Dear Governor and Lieutenant Governor,

We, the educators committed to equality and truth telling of history, are appalled at the disintegration of the 2019 Amistad Summer Institute. This year had special meaning in that it marked the 400th year of the genesis of slavery when the first 20 Africans stepped foot on the colonies of America as indentured servants.  Noted historians are converging on this historic location from points around the world to highlight the meaning of this moment and its significance 400 years later.  This historic moment provides an opportunity to have discussions that begin to break down racial biases and create an avenue to healing deep wounds. It will open eyes of people of all racial persuasions and perhaps allow teachers to feel more comfortable teaching about an experience that may be foreign to their own.

This is a once-in-a-life-time experience that is lost when teachers are told the Amistad Commission can’t fund this Summer Institute to Jamestown.  There was an opinion that was put forth by Kevin Dehmer, chief financial officer and assistant commissioner for the division of finance at the New Jersey Department of Education. He stated that the use of Title II funds for the Institute would be illegal. When we checked with the United States Department of Education, we found that the funds are allowable for professional development. That is what the Amistad Summer Institute is, professional development for teachers. Teachers are not state employees and the three Amistad employees would be exempt because of their status in providing the professional development.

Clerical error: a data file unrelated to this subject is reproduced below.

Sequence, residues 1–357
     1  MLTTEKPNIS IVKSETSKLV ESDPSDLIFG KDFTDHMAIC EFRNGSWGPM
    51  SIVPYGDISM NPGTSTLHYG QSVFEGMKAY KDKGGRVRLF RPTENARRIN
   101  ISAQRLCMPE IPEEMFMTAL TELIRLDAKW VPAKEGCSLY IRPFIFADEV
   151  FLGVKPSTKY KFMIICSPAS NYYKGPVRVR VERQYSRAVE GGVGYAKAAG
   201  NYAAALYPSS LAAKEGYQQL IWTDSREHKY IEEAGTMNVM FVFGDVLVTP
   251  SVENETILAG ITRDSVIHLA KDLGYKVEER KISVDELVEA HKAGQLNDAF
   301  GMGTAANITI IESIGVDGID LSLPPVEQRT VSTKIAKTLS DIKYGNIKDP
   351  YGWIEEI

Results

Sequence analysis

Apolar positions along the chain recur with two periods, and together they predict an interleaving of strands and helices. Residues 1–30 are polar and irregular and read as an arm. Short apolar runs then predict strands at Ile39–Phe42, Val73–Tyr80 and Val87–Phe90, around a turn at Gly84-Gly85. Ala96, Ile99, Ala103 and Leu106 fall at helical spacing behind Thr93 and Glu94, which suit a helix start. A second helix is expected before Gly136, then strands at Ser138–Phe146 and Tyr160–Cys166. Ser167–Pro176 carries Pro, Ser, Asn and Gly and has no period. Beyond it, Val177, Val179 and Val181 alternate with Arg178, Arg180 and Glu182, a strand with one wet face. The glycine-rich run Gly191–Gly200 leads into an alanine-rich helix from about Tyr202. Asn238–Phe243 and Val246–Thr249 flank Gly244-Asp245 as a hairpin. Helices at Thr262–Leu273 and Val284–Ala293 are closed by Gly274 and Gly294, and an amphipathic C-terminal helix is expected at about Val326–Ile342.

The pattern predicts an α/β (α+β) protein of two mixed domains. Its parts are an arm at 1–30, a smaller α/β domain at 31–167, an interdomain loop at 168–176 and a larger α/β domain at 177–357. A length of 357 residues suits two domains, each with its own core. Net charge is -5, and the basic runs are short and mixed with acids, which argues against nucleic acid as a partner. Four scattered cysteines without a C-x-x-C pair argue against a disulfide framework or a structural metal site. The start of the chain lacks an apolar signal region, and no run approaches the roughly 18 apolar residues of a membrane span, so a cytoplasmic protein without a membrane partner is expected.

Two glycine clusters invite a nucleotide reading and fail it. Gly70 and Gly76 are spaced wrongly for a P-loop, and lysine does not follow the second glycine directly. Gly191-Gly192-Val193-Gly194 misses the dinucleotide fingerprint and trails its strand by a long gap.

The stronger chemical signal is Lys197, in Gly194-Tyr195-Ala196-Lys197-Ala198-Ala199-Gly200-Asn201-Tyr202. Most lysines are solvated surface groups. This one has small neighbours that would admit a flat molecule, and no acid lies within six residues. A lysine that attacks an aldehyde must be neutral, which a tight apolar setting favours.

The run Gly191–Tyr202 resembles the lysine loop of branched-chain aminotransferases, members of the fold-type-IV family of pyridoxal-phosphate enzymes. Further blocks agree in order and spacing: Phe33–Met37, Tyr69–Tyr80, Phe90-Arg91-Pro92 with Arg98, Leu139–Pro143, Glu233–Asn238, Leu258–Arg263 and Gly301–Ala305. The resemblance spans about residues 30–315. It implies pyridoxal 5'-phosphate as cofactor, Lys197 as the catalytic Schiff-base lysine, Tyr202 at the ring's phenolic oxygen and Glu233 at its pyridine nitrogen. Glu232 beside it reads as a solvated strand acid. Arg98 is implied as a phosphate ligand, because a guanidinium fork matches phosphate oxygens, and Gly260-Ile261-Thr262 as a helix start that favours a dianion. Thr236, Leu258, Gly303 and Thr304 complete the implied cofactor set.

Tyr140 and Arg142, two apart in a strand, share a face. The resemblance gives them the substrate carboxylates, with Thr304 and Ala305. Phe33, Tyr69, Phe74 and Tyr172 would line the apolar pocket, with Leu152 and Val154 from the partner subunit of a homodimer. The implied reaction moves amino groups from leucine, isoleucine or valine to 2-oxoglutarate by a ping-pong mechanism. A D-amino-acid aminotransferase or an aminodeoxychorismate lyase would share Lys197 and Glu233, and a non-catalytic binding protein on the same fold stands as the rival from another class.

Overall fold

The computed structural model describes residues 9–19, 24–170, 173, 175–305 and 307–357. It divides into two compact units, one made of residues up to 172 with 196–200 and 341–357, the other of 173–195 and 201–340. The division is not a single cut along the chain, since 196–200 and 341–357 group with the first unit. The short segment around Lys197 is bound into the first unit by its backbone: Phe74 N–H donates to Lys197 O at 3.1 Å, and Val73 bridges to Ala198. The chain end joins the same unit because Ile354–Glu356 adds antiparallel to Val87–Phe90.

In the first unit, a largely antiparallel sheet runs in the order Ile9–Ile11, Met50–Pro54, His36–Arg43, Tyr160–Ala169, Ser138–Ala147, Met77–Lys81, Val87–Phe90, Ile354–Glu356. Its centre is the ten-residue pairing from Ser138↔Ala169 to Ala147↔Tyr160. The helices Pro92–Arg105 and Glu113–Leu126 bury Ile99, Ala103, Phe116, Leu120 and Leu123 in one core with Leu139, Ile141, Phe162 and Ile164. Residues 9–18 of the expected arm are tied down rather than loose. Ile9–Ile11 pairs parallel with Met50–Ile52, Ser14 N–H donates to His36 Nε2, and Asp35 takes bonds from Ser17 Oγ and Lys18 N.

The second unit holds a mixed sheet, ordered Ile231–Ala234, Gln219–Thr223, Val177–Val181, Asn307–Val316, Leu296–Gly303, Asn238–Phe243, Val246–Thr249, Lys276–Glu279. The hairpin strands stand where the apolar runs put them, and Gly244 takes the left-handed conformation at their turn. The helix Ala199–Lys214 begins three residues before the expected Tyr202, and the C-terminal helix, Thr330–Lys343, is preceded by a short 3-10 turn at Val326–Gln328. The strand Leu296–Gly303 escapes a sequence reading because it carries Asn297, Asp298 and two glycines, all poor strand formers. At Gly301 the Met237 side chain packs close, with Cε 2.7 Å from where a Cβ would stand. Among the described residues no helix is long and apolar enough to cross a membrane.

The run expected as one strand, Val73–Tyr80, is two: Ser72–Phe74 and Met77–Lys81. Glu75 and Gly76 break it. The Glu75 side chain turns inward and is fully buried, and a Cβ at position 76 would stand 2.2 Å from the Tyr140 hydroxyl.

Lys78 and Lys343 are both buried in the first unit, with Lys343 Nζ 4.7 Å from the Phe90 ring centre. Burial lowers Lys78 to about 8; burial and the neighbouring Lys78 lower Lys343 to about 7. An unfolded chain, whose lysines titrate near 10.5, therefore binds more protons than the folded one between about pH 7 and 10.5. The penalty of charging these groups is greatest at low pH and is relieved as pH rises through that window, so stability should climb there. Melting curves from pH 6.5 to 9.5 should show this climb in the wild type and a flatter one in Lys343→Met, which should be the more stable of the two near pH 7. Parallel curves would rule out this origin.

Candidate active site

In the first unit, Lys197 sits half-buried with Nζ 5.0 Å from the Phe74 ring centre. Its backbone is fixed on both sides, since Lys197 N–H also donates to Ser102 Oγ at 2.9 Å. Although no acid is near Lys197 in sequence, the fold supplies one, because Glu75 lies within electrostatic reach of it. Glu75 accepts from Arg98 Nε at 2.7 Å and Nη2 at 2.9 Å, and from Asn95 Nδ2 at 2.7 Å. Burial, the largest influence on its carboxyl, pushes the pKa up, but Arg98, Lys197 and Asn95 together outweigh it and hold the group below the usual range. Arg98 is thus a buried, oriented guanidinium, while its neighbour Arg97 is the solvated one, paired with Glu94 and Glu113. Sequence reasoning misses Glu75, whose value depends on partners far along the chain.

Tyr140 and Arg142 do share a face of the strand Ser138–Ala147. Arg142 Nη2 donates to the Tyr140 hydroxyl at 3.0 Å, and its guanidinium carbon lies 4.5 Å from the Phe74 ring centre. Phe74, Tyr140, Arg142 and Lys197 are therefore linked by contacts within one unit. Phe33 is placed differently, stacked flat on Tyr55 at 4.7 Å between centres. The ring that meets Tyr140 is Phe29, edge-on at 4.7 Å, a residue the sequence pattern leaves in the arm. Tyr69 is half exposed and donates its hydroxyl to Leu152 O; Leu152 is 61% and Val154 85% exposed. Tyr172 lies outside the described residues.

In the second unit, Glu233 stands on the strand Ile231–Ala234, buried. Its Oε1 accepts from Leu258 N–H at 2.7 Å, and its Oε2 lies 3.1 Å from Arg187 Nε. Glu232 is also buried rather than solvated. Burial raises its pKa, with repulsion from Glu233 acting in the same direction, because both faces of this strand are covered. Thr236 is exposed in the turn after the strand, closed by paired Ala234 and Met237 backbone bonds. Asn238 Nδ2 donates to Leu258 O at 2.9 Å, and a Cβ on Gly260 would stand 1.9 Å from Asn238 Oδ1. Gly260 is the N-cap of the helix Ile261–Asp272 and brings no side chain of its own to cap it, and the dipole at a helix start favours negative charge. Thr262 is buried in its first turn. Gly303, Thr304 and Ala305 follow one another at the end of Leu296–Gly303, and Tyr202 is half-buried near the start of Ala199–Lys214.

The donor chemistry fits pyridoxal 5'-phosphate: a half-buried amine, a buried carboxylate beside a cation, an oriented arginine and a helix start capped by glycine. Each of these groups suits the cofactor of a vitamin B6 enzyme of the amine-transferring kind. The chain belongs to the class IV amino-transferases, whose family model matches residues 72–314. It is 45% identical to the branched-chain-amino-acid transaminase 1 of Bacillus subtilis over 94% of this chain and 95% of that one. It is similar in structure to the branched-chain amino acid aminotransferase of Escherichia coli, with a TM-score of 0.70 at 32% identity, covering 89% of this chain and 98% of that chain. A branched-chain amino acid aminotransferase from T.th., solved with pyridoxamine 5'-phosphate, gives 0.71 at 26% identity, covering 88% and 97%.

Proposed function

An invested and committed Department of Education should have had counsel look at Dehmer’s opinion to determine the application of the Title II law. No one bothered to bring in legal advice on this matter and as a result 102 New Jersey teachers missed out on an invaluable moment in history. A moment they could bring not only to the children in their classrooms but to their own children and future generations as well. There are some things that can’t be repeated.

A number of teachers and administrators from around the state came to Trenton Thursday, Aug. 15, to discuss with Rev. Derek Green and Gary Williams, your advisers, ways to tear through the cobwebs and get the funding this trip needed through. It was stated that state funds could not go toward an out-of-town trip. Dr. Stephanie Harris, executive director of Amistad, told us that exactly $40,000 would be needed to bypass that hurdle of paying for hotels. The bus company is an in-state bus company and therefore would not be included in paying out-of-state venders. We left the eight-hour meeting somewhat confident that our representatives would represent us and that people with a common heritage and common goals and objectives would quickly find common ground.

On Friday, the Amistad Commissioners came together and voted down a motion, seven to two, to instead have the Institute at Kean University. The Kean option was a shameful way of trying to save face while costing $30,000 more than Jamestown.  No other motion was made. We believed that the Commission had sent a clear message that the Jamestown trip would continue to be pursued.

But bureaucracy and petty annoyance over procedure was allowed to hijack the 2019 Amistad Summer Institute. Somehow, in a room filled with Black Democrats, pettiness became more important than honoring the blood of our African ancestors who survived the Middle Passage.

How hard is it to get funders from people who fund campaigns for millions of dollars to come up with $40,000? In the five days since we met with Rev. Green, did anyone consider contacting Senator Cory Booker, who has included reparations in his presidential campaign?


Amod Field, Paterson educator; Zayid Muhammad, Amistad Ambassador and NAVC; Sandra Hayward, Amistad Ambassador; BK Redd, educator; Demetrius Robinson, Mercer County educator; Keith Howell, Newark educator; Marcella Simadiris, Paterson educator; Annette Alston, Newark Retired educator.